Project implementation followed the outputs listed in the project document but the aspects related to citizen participation and the lobbying of parties were missing. These activities had not been included in the request for proposals (RFPs) issued by the grantee. Conceptually, the project seemed to think these elements would emanate from website use but without a critical mass of users, this did not occur.
The activities for outreach to the citizens and their use of the websites were under-developed in the design and during implementation. The assumption that these websites alone could result in more responsive party lists or more accountable deputies was unrealistic given the number of other factors that go into these elements.
The project’s technique of putting in place governance transparency activities at local level in different regions could be replicated in future as the focus on local issues and representatives, should be leveraged to achieve a national impact. Outcome indicators should also be adopted in projects such as these so the information can be used to better target project activities and improve project performance.
The grantee made some efforts to build sustainability into the project by expecting sub grantees to place advertising on the sites to generate income, and by developing a formal, as well as informal network between the nine NGOs. While advertising on the sites was not put in place the formal and informal networks were established.
The project was relevant in terms of its identification of the democratic problem. All people interviewed as part of the evaluation viewed the consolidation of power by one individual or party as the main issue facing the communities. Projects of this nature shine a light on governance and the need to pay attention to what elected officials are doing. The project provided a public space that highlighted the work of deputies. This was effective for journalists and some of the minority party deputies. For the journalists, the websites developed by the project provided a one-stop shop for information about local representatives’ work, while the minority deputies found the websites could be used as a channel to make their work public.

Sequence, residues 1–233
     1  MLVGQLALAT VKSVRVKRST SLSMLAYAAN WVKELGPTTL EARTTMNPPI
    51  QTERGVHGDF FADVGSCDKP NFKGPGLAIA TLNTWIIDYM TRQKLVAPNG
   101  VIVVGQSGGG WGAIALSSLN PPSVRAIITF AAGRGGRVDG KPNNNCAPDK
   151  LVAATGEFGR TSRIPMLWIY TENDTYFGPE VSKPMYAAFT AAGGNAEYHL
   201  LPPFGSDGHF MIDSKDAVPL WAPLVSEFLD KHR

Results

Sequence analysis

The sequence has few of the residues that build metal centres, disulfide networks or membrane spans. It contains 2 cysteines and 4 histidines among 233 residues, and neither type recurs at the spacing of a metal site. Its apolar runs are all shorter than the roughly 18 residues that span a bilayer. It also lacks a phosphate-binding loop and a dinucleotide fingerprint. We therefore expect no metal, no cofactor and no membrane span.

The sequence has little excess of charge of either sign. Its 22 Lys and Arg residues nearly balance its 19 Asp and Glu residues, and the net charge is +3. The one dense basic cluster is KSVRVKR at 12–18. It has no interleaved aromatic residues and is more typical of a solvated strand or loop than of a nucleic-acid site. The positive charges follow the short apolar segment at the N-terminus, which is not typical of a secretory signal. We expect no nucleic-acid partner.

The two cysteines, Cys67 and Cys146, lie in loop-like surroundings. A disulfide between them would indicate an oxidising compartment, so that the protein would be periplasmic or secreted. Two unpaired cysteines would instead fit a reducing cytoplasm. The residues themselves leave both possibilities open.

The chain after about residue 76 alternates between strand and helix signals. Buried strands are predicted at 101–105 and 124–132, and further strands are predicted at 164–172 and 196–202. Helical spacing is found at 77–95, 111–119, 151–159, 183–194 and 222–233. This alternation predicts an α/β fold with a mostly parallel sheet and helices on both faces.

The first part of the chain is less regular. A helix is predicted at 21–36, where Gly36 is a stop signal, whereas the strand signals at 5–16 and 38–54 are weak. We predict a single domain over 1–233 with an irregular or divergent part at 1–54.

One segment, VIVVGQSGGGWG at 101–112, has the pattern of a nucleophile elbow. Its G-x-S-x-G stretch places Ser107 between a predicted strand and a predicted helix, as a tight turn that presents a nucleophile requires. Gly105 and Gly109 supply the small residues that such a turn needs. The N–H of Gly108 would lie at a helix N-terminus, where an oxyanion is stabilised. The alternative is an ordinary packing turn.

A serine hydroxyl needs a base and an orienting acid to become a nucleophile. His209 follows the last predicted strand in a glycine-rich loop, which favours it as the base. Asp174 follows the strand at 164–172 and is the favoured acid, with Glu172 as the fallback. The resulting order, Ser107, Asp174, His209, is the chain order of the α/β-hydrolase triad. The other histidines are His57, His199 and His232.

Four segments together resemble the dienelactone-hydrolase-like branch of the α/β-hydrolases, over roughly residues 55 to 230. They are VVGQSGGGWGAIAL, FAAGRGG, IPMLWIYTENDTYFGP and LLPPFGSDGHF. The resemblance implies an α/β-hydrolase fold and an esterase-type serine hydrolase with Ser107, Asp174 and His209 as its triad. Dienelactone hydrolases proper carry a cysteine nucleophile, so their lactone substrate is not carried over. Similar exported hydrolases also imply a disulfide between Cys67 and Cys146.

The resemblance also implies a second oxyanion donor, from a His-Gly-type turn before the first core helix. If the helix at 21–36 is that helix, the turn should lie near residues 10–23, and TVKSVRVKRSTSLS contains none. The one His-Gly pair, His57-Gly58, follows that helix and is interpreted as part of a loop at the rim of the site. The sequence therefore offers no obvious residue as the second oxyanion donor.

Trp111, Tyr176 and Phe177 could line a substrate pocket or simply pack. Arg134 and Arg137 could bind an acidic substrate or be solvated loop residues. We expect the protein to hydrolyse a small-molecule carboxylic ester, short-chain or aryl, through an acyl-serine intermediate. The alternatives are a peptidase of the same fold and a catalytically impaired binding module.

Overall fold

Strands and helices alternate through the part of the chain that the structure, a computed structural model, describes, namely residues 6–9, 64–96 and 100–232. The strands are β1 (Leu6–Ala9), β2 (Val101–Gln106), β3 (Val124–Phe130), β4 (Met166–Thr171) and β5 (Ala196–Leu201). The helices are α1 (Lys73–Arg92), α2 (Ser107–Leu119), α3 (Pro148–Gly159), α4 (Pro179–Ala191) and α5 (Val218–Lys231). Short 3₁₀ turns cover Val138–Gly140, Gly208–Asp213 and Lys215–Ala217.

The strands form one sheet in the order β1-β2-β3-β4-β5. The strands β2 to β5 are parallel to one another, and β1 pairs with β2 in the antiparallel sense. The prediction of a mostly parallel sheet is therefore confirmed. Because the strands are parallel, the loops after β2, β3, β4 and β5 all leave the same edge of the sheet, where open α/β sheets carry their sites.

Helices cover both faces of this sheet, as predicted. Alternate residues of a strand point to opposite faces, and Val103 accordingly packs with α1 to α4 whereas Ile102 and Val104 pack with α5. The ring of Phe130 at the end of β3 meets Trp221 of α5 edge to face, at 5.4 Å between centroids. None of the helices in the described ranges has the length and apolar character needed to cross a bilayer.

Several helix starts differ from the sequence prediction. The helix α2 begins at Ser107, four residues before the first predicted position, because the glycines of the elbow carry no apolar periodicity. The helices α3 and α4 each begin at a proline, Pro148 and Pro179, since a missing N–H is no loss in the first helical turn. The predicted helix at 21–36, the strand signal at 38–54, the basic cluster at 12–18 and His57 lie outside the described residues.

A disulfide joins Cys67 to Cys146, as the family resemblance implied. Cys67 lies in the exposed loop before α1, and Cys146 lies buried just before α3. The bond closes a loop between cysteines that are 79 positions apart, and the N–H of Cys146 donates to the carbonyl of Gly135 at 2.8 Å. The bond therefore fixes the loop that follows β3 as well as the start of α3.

Only 10 of those MPs who followed the advocacy seminars and expressed their support were recently re-elected into parliament, which gives additional reason for concern.
The grantee failed to anticipate that, once the grassroots-level had submitted its recommendations, the consulted representatives from women, youth and disability groups, would expect get feedback on how their inputs were being used in the constitutional reform process in Ghana.
The grantee failed to communicate sufficiently about the need to slow down implementation and to extend the project’s duration, in order to await the publication of the Constitutional Review Commission’s recommendations and the response from the Government in its White Paper.
Constitutional review processes are frequently subject to unexpected changes in the government’s schedule of priorities or politically motivated delays. These are recurring challenges that many UNDEF-funded projects have faced. This project in Ghana took a very cautious approach and identified external risks and therefore formulated more modest expected outputs and results.